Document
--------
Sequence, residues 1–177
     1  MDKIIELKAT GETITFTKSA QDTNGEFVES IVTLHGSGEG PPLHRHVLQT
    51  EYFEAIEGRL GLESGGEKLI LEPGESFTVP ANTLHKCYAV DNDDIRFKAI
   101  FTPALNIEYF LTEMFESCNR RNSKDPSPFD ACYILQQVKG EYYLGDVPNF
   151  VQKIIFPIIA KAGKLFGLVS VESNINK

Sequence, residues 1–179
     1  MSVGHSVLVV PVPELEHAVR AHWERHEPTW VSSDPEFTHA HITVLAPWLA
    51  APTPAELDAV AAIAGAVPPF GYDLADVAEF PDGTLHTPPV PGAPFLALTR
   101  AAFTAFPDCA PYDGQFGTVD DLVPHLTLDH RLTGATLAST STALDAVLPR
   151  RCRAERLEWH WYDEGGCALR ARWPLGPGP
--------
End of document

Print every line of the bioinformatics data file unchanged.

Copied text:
Sequence, residues 1–177
     1  MDKIIELKAT GETITFTKSA QDTNGEFVES IVTLHGSGEG PPLHRHVLQT
    51  EYFEAIEGRL GLESGGEKLI LEPGESFTVP ANTLHKCYAV DNDDIRFKAI
   101  FTPALNIEYF LTEMFESCNR RNSKDPSPFD ACYILQQVKG EYYLGDVPNF
   151  VQKIIFPIIA KAGKLFGLVS VESNINK

Sequence, residues 1–179
     1  MSVGHSVLVV PVPELEHAVR AHWERHEPTW VSSDPEFTHA HITVLAPWLA
    51  APTPAELDAV AAIAGAVPPF GYDLADVAEF PDGTLHTPPV PGAPFLALTR
   101  AAFTAFPDCA PYDGQFGTVD DLVPHLTLDH RLTGATLAST STALDAVLPR
   151  RCRAERLEWH WYDEGGCALR ARWPLGPGP